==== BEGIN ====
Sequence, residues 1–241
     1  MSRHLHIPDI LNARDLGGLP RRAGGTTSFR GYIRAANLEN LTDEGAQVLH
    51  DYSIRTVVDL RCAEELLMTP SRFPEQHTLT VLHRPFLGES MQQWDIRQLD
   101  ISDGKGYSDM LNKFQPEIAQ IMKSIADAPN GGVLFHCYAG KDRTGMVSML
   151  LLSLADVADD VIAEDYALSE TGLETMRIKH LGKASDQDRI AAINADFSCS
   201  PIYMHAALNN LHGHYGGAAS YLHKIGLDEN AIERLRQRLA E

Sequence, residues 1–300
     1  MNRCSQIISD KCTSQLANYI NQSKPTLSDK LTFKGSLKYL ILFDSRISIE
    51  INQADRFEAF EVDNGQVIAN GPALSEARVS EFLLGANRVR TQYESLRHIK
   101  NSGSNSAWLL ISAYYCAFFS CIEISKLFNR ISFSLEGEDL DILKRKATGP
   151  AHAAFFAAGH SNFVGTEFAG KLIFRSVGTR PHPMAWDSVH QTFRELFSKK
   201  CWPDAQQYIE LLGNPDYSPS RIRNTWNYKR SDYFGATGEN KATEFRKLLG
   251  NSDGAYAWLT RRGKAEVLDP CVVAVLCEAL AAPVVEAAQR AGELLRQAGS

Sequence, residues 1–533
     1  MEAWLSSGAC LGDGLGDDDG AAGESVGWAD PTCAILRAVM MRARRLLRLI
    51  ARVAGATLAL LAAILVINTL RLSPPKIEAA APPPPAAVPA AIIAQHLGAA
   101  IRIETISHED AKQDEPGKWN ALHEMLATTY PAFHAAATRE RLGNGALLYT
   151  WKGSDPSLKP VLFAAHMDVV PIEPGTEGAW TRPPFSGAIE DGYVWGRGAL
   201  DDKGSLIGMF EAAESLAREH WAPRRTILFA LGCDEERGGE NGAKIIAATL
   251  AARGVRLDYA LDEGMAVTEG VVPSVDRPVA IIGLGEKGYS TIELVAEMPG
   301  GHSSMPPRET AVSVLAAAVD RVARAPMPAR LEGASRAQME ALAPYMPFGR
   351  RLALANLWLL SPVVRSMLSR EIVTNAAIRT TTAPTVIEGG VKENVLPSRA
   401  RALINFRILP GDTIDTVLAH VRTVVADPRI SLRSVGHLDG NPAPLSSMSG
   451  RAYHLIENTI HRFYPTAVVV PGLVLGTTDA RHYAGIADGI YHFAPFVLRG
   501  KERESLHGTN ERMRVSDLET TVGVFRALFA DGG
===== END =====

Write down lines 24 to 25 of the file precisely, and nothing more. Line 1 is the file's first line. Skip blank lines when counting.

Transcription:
   451  RAYHLIENTI HRFYPTAVVV PGLVLGTTDA RHYAGIADGI YHFAPFVLRG
   501  KERESLHGTN ERMRVSDLET TVGVFRALFA DGG